Some people are starting to call the nation-wide recession a SHEcession. That’s a clever bit of word play but it’s certainly no joke. Until the coronavirus pandemic struck, women in America were starting to realize some real gains — better working conditions, more equity in the workplace, and political muscle in government.
The improved outlook, hard-fought and forged by leaders like the late great Justice Ruth Bader Ginsburg, was beginning to make us believe women workers were finally on a par with their male colleagues. The gender pay gap, a long disgrace, began narrowing.
But then along came the coronavirus. Those precious gains started slipping away. Look at the numbers: Women in the U.S. were 49 percent of the workforce at the end of 2019, but in 2020, they’ve chalked up 55 percent of job losses.
Women, as child bearers, have long suffered a handicap. Historically they’ve shouldered more child care and home work than men. That was true before the pandemic and it has become even more pronounced in this changed environment. Today many women are barely scrambling to balance work and home. Working moms must contend with day care closures, with on-line schooling, and with the demands of jobs that sometimes give one little choice between motherhood and unemployment.
When it comes to employment, jobs traditionally held by women have been more heavily impacted. Women are most often employed as our teachers, day care workers, dental hygienists, waitresses and beauticians. Some of these jobs are disappearing as businesses shut down or close temporarily.
This epidemic of women losing out during the pandemic and resulting downturn has yet to receive much notice, though there is a detailed story examining the phenomenon in the New York Times. The media tend to concentrate on other aspects of the crisis: infection rates, mask wearing, and the promise of a vaccine.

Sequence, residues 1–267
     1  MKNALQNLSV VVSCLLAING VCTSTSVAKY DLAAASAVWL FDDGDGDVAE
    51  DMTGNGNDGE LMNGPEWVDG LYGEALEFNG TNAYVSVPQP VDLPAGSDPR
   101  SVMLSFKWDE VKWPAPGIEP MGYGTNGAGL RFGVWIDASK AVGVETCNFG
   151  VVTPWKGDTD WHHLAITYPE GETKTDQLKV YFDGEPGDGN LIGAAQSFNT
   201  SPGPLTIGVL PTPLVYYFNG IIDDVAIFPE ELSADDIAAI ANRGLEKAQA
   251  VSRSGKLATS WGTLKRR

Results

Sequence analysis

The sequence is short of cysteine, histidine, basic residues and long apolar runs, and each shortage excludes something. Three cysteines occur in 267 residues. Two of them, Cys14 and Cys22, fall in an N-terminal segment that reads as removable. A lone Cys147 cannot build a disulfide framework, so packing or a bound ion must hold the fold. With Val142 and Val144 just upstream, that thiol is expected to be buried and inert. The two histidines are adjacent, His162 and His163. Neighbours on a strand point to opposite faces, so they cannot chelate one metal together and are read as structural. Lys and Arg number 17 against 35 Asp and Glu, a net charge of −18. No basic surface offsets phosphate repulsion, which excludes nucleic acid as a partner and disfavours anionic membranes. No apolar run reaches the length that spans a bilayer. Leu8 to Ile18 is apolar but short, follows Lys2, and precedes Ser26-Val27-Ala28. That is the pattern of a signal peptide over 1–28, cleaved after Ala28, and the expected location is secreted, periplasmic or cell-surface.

Cloaking the little-told story of women’s losses is an even uglier truth. While there have been economic losses for all this nation’s women, the pandemic has been especially devastating for women of color and for lower-income women. As it turns out: The economic disaster has a female face — a non-white female face. To discover the reason for this uneven burden, just look at the hardest hit businesses: restaurants, schools, travel, hospitality, personal care and even parts of the health care system. Those are the job sectors that have been most open to women in general but also to women of color.
Add to that equation the fact that the Trump administration has been particularly unfriendly to women. President Trump has actively worked to limit women’s access to health care. His Supreme Court nomination of Amy Coney Barrett, who once signed an antiabortion ad, is among the most outrageous of Trump’s anti-women’s actions, but it’s not the only one. Earlier Trump signed an administrative order that allowed employers who claimed moral or religious objections to opt out of paying for contraceptive care.
If women are to recover from the SHEcession, it will require a concerted action to shore up the gains that women have made over the last half century, the years when Justice Ginsburg and others worked so hard to ensure equal opportunity for all.
There are three things we can ask our leaders to work on: Support for improved Obamacare and women’s health care, paid parental leave (comparable to Washington and California’s programs), and more available and affordable day care. These three actions are similar to programs most Western nations already provide. That’s been the real secret to their successful economies and it would be a real boost to ours.